The production of the Bristol One City Plan (2021-2050) was managed by the City Office, which was resourced by the city council and the University of Bristol. The plan sets out a path to deliver the UN’s sustainable development goals and to co-ordinate local action on the climate crisis. Delivery of the plan involves at least two types of partnership activity.

Type 1: The thematic boards

The city council and its partners use six One City Boards to support networking and steer the evolution of the One City Plan. These boards are thematically based and have been assisted in addressing the sustainable development agenda by the work of the Bristol City Office. It can be argued that the boards are another manifestation of the commitment to collective leadership. This is partly demonstrated by the fact that each have two chairs, only one of which is a councillor.

The plan states Bristol will be carbon neutral and climate resilient in 2030.

Actions and goals to achieve this involve training, new jobs, investment, strategy and policy development, changes to health and social care systems, changes to supply chains, and retrofitting housing stock.

After 2029, the planned items in relation to the climate crisis are expressed largely as outcomes. In the years 2030 to 2039 the plan says: that publicly-funded institutions and corporate businesses will have ‘divested funds’ so financial activity ‘does not contribute to climate change’ and climate and other outcomes will be better in every city ward.

In the period 2040-2050 the social infrastructure will function ‘even during the worst impacts of climate change’ and ‘critical infrastructure and residential properties’ can cope with extreme effects of climate change.

Type 2: The joint venture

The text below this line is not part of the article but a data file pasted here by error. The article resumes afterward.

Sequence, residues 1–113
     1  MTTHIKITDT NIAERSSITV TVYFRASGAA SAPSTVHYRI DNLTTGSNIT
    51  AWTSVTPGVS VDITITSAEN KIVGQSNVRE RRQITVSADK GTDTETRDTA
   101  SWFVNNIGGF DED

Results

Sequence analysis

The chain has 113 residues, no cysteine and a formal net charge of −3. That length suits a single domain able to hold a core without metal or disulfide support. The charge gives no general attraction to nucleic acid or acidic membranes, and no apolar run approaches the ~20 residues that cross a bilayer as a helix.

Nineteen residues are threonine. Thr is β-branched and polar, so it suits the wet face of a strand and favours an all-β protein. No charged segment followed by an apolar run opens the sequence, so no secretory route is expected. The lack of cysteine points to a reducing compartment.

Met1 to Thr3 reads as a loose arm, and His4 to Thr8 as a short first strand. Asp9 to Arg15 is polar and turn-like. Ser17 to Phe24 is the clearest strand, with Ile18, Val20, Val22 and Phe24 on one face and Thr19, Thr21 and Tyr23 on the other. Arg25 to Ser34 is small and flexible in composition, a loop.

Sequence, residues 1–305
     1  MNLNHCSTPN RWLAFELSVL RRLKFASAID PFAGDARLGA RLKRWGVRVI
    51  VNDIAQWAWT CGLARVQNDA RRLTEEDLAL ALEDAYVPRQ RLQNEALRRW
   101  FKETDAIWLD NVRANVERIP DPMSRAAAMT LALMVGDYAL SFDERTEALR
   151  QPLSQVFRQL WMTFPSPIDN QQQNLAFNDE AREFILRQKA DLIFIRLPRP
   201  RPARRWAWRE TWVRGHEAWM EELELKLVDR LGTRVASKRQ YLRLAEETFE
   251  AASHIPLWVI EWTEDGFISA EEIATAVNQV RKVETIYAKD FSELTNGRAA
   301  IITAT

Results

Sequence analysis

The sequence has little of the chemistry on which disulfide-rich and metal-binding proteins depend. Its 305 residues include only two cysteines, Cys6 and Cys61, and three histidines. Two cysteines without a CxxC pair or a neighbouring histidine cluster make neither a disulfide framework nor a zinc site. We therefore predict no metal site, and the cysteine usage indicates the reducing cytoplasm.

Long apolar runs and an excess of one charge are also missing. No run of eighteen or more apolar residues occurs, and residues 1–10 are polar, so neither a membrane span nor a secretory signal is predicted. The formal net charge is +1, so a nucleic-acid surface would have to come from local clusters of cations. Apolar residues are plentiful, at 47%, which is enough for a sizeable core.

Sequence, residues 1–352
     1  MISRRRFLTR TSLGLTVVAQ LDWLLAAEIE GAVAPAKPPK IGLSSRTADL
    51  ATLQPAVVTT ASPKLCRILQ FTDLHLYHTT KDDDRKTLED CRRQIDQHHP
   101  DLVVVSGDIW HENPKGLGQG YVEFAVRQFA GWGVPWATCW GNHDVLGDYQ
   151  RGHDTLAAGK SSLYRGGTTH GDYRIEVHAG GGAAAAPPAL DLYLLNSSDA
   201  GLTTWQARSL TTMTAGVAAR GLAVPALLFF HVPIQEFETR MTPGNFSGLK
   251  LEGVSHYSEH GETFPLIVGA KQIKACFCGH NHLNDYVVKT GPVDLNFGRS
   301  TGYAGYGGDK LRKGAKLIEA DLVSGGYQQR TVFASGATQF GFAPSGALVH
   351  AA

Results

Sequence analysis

In February, Cllr Kye Dudd, cabinet member for climate, ecology, waste and energy, identified finance as the biggest barrier to the completion of the decarbonisation project in Bristol. He estimated £5bn was needed for the decarbonisation of the local energy system and another £5-10bn was needed to decarbonise the transport system.

In January, shortly before our visit, contracts were signed for the City Leap Energy Partnership. Cllr Dudd forecast that some £600m of investment would be delivered by it in the first five years. As a result, emissions will be cut and new jobs created. But this is a 20-year partnership that it is hoped will deliver at least £1bn of investment into decarbonisation of the city’s energy system over its lifetime.

The Bristol City Leap initiative is being delivered through a joint venture company in which the council has a 50% stake in terms of the shares. The council’s main strategic partner is a company called Ameresco, a North American renewable energy and energy-efficiency business. According to its website, Ameresco has conducted successful projects with US Government at federal, state, and local levels, as well as a range of other customers.

We were told Bristol City Council’s strategic partner was bringing a subcontractor, Vattenfall, which is the Swedish state energy company.

This is a creative partnership-based approach to addressing the finance problem of sustainable development. It will be interesting to see how well it delivers funding for Bristol’s local energy policy, given the examples of other UK local authority energy partnerships that have floundered.

Capacity is not just a matter of finance. It is also dependent on skills and organisational capabilities. Bristol City Council was better placed in terms of its internal technical, planning, legal, and financial expertise at the beginning of the work that led to the joint venture than it was in early 2023.

Having this capacity matters. It is something other local authorities would need to factor into their calculations when thinking about experimenting with something similar.